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Pitt’s Swanson School of Engineering Awarded Additional Funding for 3D Research

The University of Pittsburg has been awarded more funding money following their breakthrough research within the 3D printing industry. According to 3D Print, the University of Pittsburgh Swanson School of Engineering has already received over $1 million to research 3D tech and how it could be used to improve the durability of gas turbine metal […]

Pitt’s Swanson School of Engineering Awarded Additional Funding for 3D Research

The University of Pittsburg has been awarded more funding money following their breakthrough research within the 3D printing industry.


According to 3D Print, the University of Pittsburgh Swanson School of Engineering has already received over $1 million to research 3D tech and how it could be used to improve the durability of gas turbine metal coatings. Now, Dr. Minking Chyu, Distinguished Service Professor and the Leighton and Mary Orr Chair Professor of Mechanical Engineering and Materials Science at Pitt’s Swanson School of Engineering, has received even more funding.


Dr. Chyu and his team of 3D researchers received $777,192 for the study, “Integrated Transpiration and Lattice Cooling Systems Developed by Additive Manufacturing with Oxide-Dispersion-Strengthened Alloy.” The funds were awarded by the U.S. Department of Energy (DOE).


“While generating enormous amounts of energy, gas turbines also generate enormous amounts of heat and are at risk of being damaged by these high temperatures,” said Dr. Chyu.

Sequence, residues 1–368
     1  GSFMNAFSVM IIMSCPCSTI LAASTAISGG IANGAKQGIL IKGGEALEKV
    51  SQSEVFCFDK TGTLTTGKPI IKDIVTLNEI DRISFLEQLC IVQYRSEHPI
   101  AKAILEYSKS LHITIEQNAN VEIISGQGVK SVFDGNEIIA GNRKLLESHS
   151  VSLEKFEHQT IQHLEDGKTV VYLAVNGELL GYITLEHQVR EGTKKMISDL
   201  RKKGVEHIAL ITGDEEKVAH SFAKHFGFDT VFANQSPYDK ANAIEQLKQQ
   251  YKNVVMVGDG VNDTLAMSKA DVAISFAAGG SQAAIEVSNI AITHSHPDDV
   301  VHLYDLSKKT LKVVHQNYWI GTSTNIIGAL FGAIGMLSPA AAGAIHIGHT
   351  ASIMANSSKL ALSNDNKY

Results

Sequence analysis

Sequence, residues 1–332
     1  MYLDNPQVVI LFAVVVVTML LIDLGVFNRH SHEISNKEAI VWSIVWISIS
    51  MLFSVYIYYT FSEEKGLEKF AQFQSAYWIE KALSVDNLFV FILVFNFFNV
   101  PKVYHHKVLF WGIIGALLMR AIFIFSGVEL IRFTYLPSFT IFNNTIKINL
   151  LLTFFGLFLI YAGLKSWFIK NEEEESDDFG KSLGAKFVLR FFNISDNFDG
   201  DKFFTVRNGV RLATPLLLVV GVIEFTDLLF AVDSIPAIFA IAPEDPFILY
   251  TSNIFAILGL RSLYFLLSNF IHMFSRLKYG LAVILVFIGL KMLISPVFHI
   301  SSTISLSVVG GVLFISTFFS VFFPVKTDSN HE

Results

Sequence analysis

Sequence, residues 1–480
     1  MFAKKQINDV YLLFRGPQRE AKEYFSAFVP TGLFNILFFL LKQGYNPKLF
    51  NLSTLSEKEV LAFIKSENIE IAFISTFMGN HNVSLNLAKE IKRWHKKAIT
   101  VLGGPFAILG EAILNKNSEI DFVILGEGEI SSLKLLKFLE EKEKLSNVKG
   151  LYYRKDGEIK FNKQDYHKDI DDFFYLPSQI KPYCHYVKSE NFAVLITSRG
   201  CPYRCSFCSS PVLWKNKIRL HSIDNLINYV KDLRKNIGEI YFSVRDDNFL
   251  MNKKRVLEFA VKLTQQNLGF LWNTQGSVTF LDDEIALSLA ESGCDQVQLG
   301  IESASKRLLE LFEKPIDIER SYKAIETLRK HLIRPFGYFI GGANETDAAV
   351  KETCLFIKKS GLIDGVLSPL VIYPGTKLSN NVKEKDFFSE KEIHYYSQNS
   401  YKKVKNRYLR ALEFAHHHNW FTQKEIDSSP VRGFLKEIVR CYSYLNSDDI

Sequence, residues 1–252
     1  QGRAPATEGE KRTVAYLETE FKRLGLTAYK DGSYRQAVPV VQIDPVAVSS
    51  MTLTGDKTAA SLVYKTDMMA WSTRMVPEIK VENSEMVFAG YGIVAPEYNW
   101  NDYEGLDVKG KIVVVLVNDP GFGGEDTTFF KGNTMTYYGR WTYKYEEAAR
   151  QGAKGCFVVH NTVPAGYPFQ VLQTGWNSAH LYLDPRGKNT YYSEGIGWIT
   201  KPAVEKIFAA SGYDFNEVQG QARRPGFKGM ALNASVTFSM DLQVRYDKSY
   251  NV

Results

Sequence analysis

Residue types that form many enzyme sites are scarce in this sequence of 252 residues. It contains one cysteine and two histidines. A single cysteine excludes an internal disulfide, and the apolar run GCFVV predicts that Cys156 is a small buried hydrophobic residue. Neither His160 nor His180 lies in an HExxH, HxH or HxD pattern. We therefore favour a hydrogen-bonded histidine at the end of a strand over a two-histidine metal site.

Gas turbines operate at much higher temperatures than steam turbines — typically at 2,000 degrees Fahrenheit versus 1,200 degrees Fahrenheit for steam turbines. Because of these high temperatures, it’s important that each turbine uses high quality, durable binders for exterior coating. Pitt’s team of researchers were able to 3D print binders and alloys made out of tungsten, a durable and dense metal.


“The alloys we’re developing increase the melting point of the turbine’s components, and therefore improve their heat resistance,” added Dr. Chyu. “Additive manufacturing enables us to create complex lattice structures that allow cool air to enter the turbines and reduce temperature even further.”


Typical binders used on tungsten carbide are cobalt and nickel, which is added as percentage by weight, anywhere from 3% to 30%.


According to 3Ders.org, the Swanson School of Engineering will be working in collaboration with the Massachusetts Institute of Technology’s Reactor Laboratory, the National Energy Technology Laboratory, and Westinghouse Electric Corporation. An upcoming study, lead by Dr. Kevin Chen (Paul E. Lego Professor of Electrical and Computer Engineering at Pitt) will utilize an additional $1.275 million grant.


The new project will focus on using 3D printing as well as other cutting-edge manufacturing technologies to develop advanced sensors for nuclear reactors. The grant was provided by the Nuclear Energy Enabling Technologies (NEET) program, part of the Nuclear Energy University Program (NEUP).


Dr. Chen believes the grant will help the school research solutions to some of the most complex and pressing problems facing the nuclear energy industry. In addition, it could help the school develop new safety solutions for the industry, which has often struggled with public trust.


In 2017, Dr. Chen was awarded the “Innovation in Energy Award” in 2017 and will he and the rest of the research team at Pitt will likely be major players in the 3D printing game for a long time.

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